Today we are taking a look at the triumphal entry and the significance of Jesus’ first action as an openly declared messiah. In Jesus’ time the temple leadership in Jerusalem was focused strictly on survival and preserving the faith from the unclean and oppressive Romans. The chief priests had reached an accommodation of sorts with the Roman leadership through their appointed king Herod and the governor Pontius Pilate. The leaders of the temple were operating in ways that protected their understanding of the Jewish religious identity and as a happy byproduct kept them on top. The reality is that while we vilify these men, they would be insulted by accusations of wrongdoing. They were operating from what they thought were the best possible motives, and that blinded them to how they were putting obstacles between others and God. Their focus on survival opened the doors to all kinds of abuses and these men in their fear began to treat access to God as a commodity to be bought and sold pushing those with less ability to pay to the margins and eventually out the door. Survival of the institutional identity became the top priority of the temple leadership and the covenant of relationship slowly became a commercial contract of legal obligations. Into that situation Jesus came into Jerusalem in the manner prescribed for the prophesied Messiah:
The disciples went and did as Jesus had directed them; they brought the donkey and the colt, and put their cloaks on them, and he sat on them. A very large crowd spread their cloaks on the road, and others cut branches from the trees and spread them on the road. The crowds that went ahead of him and that followed were shouting, “Hosanna to the Son of David! Blessed is the one who comes in the name of the Lord! Hosanna in the highest heaven!” When he entered Jerusalem, the whole city was in turmoil, asking, “Who is this?” The crowds were saying, “This is the prophet Jesus from Nazareth in Galilee.” Then Jesus entered the temple and drove out all who were selling and buying in the temple, and he overturned the tables of the money changers and the seats of those who sold doves. He said to them, “It is written, ‘My house shall be called a house of prayer for all nations’; but you are making it a den of robbers.” The blind and the lame came to him in the temple, and he cured them. But when the chief priests and the scribes saw the amazing things that he did, and heard the children crying out in the temple, “Hosanna to the Son of David,” they became angry and said to him, “Do you hear what these are saying?” Jesus said to them, “Yes; have you never read, ‘Out of the mouths of infants and nursing babies you have prepared praise for yourself’?” Matthew 21:6-16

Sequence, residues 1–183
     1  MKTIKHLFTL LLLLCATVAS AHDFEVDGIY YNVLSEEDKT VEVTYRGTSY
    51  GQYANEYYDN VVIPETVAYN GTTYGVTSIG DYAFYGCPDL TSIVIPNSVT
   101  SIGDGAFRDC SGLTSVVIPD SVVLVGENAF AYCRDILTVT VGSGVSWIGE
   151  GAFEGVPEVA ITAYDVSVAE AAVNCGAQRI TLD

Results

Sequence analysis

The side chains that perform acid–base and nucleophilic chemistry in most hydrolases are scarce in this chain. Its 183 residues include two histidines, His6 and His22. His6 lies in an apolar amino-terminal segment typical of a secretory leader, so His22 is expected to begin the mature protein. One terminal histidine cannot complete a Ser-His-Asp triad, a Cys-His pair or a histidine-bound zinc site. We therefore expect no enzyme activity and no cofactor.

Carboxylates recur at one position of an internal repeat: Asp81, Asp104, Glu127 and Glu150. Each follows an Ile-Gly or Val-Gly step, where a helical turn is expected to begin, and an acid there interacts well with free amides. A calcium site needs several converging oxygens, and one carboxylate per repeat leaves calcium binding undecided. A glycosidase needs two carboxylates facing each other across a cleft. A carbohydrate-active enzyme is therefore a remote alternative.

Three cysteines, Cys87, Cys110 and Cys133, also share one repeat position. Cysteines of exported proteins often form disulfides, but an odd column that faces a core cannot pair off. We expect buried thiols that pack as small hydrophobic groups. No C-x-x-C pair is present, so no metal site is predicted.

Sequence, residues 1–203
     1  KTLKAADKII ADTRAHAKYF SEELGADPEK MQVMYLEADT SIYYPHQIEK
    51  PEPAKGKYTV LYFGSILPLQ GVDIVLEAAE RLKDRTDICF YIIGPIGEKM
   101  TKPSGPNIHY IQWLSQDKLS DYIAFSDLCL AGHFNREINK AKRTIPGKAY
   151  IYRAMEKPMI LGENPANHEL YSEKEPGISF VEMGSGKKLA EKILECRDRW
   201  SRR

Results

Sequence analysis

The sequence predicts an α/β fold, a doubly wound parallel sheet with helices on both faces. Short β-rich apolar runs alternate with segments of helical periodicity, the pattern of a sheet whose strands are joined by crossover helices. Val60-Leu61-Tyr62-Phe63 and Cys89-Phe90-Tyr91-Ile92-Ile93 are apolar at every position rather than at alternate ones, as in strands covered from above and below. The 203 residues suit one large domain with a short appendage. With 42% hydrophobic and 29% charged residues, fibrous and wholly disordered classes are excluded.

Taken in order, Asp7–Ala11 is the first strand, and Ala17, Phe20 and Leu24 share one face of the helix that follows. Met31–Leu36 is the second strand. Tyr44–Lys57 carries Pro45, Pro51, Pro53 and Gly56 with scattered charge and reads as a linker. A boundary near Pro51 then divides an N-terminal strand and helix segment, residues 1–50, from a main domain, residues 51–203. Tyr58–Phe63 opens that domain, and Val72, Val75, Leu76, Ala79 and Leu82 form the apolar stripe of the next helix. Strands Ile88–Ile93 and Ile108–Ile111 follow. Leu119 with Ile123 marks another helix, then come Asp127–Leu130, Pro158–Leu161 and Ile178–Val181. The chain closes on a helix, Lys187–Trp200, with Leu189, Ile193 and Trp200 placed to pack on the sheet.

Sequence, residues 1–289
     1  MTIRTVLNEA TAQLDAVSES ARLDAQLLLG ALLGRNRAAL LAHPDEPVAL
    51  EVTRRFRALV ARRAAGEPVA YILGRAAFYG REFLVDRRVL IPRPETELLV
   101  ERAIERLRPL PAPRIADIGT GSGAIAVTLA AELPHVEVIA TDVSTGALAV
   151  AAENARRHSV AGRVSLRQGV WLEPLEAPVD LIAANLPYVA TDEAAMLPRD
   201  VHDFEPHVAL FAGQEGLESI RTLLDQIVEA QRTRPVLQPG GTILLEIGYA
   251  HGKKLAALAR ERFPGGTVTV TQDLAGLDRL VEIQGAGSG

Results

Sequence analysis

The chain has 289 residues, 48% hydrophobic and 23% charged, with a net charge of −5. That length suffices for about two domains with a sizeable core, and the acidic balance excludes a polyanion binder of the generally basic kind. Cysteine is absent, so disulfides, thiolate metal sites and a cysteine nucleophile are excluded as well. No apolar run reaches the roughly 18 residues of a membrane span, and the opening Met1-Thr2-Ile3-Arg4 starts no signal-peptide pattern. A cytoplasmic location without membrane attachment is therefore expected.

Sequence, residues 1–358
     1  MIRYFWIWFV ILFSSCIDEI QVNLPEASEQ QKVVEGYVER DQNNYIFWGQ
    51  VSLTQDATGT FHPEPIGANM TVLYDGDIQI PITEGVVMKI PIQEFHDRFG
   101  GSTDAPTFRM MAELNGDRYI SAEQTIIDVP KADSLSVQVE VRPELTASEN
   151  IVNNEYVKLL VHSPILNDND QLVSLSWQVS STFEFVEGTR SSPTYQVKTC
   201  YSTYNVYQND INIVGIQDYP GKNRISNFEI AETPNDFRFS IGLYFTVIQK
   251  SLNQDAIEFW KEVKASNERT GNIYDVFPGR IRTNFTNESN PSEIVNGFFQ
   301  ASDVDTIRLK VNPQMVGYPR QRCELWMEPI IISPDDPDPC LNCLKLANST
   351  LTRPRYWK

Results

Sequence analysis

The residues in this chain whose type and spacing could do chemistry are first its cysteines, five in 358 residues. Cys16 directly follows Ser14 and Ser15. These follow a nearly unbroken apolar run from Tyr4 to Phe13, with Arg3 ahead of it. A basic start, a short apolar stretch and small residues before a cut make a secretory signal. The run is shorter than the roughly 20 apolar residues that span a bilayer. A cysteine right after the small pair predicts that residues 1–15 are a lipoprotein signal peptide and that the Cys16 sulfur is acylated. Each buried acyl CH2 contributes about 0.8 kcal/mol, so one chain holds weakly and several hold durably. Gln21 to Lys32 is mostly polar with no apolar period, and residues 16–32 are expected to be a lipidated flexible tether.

Up to this point in his ministry, Jesus had publicly kept it quiet about whether or not he was the messiah, even going so far as to tell his disciples to keep that fact hidden. Jesus knew what was going to happen when the disciples told the owner of the animals “The lord is going to ride into town on these guys.” The response was probably something along the lines of “Sure, go ahead. Pardon me as a take a quick step over this way.” Did a little nonchalant walk until he got around a corner then sprinted for town yelling: “The messiah’s coming! The messiah’s coming!” With that kind of word of mouth Jerusalem, already full to bursting for Passover, showed up to see what would happen. It came as no surprise that the Messiah would go to the temple first. Everybody followed along to see what would happen, and instead of Jesus and a couple followers showing up; Jesus and several thousand others showed up. I want you to briefly put yourself in the place of the moneychangers in the temple and picture Jesus showing up with thousands of people who were shouting things like “Hosanna to the Son of David!” Listen to the rumble of the crowd as Jesus stomps up to your table with a scowl of pure righteous anger on his face and flips your table over, then directs you to the exit. How much resistance would you put up in the face of that crowd? I know for a fact Jesus wouldn’t have had to tell me twice.